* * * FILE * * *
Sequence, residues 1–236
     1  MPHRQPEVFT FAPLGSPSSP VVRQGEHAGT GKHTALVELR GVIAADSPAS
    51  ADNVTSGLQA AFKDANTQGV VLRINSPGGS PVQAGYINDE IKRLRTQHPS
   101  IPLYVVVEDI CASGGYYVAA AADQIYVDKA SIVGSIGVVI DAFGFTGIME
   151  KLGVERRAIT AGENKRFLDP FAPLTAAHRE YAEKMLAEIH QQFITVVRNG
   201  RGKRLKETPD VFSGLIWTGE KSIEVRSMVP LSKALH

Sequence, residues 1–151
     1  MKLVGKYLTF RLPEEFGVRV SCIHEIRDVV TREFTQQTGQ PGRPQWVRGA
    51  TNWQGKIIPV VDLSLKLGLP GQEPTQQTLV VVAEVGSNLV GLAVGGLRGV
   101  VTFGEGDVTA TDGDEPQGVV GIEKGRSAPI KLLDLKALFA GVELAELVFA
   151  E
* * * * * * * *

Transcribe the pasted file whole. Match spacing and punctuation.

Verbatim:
Sequence, residues 1–236
     1  MPHRQPEVFT FAPLGSPSSP VVRQGEHAGT GKHTALVELR GVIAADSPAS
    51  ADNVTSGLQA AFKDANTQGV VLRINSPGGS PVQAGYINDE IKRLRTQHPS
   101  IPLYVVVEDI CASGGYYVAA AADQIYVDKA SIVGSIGVVI DAFGFTGIME
   151  KLGVERRAIT AGENKRFLDP FAPLTAAHRE YAEKMLAEIH QQFITVVRNG
   201  RGKRLKETPD VFSGLIWTGE KSIEVRSMVP LSKALH

Sequence, residues 1–151
     1  MKLVGKYLTF RLPEEFGVRV SCIHEIRDVV TREFTQQTGQ PGRPQWVRGA
    51  TNWQGKIIPV VDLSLKLGLP GQEPTQQTLV VVAEVGSNLV GLAVGGLRGV
   101  VTFGEGDVTA TDGDEPQGVV GIEKGRSAPI KLLDLKALFA GVELAELVFA
   151  E